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Blood Safety Transcripts


Twenty-Seventh Meeting
Volume II
Tuesday, September 20, 2005
9:05 a.m.
Bethesda North Marriott Hotel
and Conference Center
5701 Marinelli Road
North Bethesda, Maryland 20852


  • Mark Brecher, M.D., Chairman
  • Jerry A. Holmberg, Ph.D., Executive Secretary
  • Judy Angelbeck, Ph.D.
  • Celso Bianco, M.D.
  • Arthur W. Bracey, M.D.
  • Paul F. Haas, Ph.D.
  • Jeanne Linden, M.D.
  • Karen Shoos Lipton, J.D.
  • Gargi Pahuja
  • Susan D. Roseff, M.D.
  • S. Gerald Sandler, M.D.
  • Merlyn Sayers, M.D., Ph.D.
  • Mark Skinner, J.D.
  • Pearl Toy, M.D.
  • Wing Yen Wong, M.D.
  • Non-voting Government Representatives
  • Jay Epstein, M.D.
  • James S. Bowman III, M.D.
  • CDR Michael Libby


  • Call to Order - Mark Brecher, M.D., Chair 4
  • Roll Call - Jerry Holmberg, Ph.D. 4
  • Committee Discussion 5
  • Break 74
  • Committee Discussion 74
  • Lunch 114
  • Committee Discussion 115
  • Adjournment 129

1 P R O C E E D I N G S
2 Call to Order
3 DR. BRECHER: Okay. I'd like to call this
4 second day of the meeting to order. We're going to
5 start with a roll call. Jerry?
6 Roll Call
7 DR. HOLMBERG: For the second day of our
8 meeting, September 20th, Judy Angelbeck?
10 DR. HOLMBERG: Celso Bianco?
11 DR. BIANCO: Here.
12 DR. HOLMBERG: Art Bracey?
13 DR. BRACEY: Here.
14 DR. HOLMBERG: Mark Brecher?
15 DR. BRECHER: Here.
16 DR. HOLMBERG: Paul Haas?
17 DR. HAAS: Here.
18 DR. HOLMBERG: Andrew Heaton is absent.
19 Jeanne Linden?
20 DR. LINDEN: Here.
21 DR. HOLMBERG: Gargi Pahuja?
22 MS. PAHUJA: Yes.
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1 DR. HOLMBERG: Karen Shoos Lipton?
2 MS. LIPTON: Here.
3 DR. HOLMBERG: Susan Roseff?
4 DR. ROSEFF: Here.
5 DR. HOLMBERG: Jerry Sandler?
6 DR. SANDLER: Here.
7 DR. HOLMBERG: Merlyn Sayers?
8 DR. SAYERS: Here.
9 DR. HOLMBERG: Mark Skinner?
10 MR. SKINNER: Here.
11 DR. HOLMBERG: Pearl Toy?
12 DR. TOY: Here.
13 DR. HOLMBERG: John Walsh is absent. Wing
14 Yen Wong?
15 DR. WONG: Here.
16 DR. HOLMBERG: James Bowman will be here
17 late. Jay Epstein?
18 DR. EPSTEIN: Here.
19 DR. HOLMBERG: Harvey Klein is absent.
20 Matt Kuehnert is absent. Mike Libby?
22 Committee Discussion
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1 DR. BRECHER: All right. We have a lot of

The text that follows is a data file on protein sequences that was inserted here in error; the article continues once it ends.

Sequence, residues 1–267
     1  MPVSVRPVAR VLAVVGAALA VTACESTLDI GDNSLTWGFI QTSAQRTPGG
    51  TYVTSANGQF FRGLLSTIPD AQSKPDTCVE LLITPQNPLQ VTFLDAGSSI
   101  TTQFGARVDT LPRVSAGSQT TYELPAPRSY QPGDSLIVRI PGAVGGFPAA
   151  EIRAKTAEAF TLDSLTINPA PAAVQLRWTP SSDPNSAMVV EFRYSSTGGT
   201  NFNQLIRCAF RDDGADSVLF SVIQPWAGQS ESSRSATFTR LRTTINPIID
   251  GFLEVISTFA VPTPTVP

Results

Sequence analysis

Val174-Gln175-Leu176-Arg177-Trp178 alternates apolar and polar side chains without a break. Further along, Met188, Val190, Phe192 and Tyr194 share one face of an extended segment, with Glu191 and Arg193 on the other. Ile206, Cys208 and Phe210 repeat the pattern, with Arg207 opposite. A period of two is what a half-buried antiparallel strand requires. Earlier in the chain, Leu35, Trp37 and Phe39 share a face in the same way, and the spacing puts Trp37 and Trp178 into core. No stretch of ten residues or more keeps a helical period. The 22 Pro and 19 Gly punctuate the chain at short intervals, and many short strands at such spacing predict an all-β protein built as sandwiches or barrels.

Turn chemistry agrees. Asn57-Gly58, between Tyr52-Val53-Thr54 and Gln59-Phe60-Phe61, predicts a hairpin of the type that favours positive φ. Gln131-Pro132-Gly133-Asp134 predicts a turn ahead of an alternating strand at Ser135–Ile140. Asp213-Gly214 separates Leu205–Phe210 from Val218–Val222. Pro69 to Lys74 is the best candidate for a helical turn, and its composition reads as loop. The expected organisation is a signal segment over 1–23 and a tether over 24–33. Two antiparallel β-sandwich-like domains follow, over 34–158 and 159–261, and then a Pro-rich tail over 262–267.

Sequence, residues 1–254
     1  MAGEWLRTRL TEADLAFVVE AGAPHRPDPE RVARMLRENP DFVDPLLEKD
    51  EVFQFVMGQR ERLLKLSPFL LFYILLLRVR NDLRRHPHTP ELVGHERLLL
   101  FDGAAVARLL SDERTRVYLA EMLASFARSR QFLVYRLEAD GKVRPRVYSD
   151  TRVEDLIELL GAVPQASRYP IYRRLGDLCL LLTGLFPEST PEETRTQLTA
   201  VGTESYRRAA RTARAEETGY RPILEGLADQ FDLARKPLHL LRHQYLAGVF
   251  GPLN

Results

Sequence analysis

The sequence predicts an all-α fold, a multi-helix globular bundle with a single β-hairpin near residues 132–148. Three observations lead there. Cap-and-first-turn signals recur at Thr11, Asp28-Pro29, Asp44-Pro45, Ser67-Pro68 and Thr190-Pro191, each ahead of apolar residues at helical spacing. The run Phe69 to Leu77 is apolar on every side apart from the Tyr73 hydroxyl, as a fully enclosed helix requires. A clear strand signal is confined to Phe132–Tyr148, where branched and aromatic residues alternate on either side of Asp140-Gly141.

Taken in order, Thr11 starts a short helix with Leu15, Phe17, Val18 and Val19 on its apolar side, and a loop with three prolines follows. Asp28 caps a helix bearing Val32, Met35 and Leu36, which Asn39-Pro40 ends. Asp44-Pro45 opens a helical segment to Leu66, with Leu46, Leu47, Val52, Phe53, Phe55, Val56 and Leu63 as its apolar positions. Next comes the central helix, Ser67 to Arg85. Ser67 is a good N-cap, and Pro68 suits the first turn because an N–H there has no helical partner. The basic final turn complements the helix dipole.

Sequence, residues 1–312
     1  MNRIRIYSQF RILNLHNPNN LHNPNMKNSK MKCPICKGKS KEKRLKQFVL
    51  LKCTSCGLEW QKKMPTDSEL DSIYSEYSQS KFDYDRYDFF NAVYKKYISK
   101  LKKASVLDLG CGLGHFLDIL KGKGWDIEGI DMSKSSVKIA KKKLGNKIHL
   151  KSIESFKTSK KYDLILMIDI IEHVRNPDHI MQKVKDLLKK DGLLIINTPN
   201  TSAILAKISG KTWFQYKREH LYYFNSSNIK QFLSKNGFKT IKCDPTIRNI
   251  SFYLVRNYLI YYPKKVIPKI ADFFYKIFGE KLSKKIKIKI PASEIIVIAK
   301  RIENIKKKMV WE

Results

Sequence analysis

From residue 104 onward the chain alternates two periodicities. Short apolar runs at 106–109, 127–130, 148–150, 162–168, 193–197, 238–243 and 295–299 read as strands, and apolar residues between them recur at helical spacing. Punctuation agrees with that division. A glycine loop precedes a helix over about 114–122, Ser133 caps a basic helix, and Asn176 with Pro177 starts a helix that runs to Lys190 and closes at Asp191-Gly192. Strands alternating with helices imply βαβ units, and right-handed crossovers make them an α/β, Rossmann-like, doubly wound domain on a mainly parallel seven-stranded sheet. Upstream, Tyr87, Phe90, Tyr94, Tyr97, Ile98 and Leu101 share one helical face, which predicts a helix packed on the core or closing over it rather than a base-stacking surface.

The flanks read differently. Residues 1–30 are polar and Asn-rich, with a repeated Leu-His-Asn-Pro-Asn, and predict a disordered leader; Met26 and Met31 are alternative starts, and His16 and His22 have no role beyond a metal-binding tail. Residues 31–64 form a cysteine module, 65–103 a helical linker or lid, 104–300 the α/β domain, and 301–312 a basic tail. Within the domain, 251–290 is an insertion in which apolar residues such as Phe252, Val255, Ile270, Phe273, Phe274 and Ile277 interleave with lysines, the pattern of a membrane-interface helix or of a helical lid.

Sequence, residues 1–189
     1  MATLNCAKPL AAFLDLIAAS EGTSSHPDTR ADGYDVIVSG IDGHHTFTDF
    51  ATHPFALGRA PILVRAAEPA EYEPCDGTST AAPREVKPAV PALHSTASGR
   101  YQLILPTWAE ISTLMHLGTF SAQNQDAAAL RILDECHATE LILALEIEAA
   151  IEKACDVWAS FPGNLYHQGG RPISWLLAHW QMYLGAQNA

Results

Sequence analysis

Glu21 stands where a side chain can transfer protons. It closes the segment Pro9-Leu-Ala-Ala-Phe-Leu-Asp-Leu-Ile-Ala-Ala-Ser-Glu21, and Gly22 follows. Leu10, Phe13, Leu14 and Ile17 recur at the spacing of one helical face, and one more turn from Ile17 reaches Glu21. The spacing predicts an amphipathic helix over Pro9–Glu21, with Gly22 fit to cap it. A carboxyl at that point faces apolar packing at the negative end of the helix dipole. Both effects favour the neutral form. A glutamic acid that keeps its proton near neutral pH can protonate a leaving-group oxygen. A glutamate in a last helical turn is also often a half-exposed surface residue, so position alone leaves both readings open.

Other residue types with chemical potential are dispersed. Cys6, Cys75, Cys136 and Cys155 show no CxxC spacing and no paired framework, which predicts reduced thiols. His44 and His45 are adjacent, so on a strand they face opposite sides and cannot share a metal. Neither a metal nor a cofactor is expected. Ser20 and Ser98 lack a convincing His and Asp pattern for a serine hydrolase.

2 discussion time today. We have a major charge.
3 There are three documents I'd like to call
4 everyone's attention to before we begin. One is a
5 set of questions that Jerry has put together
6 basically outlining what HHS would like from us.
7 It begins by saying: Does the committee
8 believe there is a need for the Department to
9 develop a strategic plan for detecting and
10 preventing transfusion-transmitted complications in
11 the 21st century? If a new strategic plan is
12 recommended by the committee, what scope of issues
13 does the committee believe that the plan should
14 address? What role should the Advisory Committee
15 and its subcommittees play in the development of
16 the strategic plan? And then there are a whole
17 series of questions that relate principally to the
18 presentations that we heard yesterday. So I would
19 encourage everyone to look this over because this
20 is going to be our game plan for discussion.
21 The second document I'd like to call your
22 attention to is, in your books, right in front of
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1 the orange tab is the subcommittee report. Jeanne,
2 maybe you could talk us through that. This is from
3 your subcommittee; is that correct?
4 DR. LINDEN: Sort of, yes.
5 DR. BRECHER: Sort of, yes?
6 DR. LINDEN: Yes. I don't think of
7 anything to add other than what I said yesterday.
8 DR. BRECHER: Okay. So why don't we just
9 take a look at this. This basically summarizes
10 what the subcommittee concluded.
11 The third item is on the other side of the
12 orange tab. It's an e-mail from Paul Haas, our
13 resident economist, with some thoughtful words
14 about the last meeting. Maybe, Paul, you could
15 just say a few words about what you concluded.
16 DR. HAAS: I think the fundamental message
17 is that nothing happens anywhere without the use of
18 resources. And as we go through our deliberation
19 to come up with recommendations and have no concept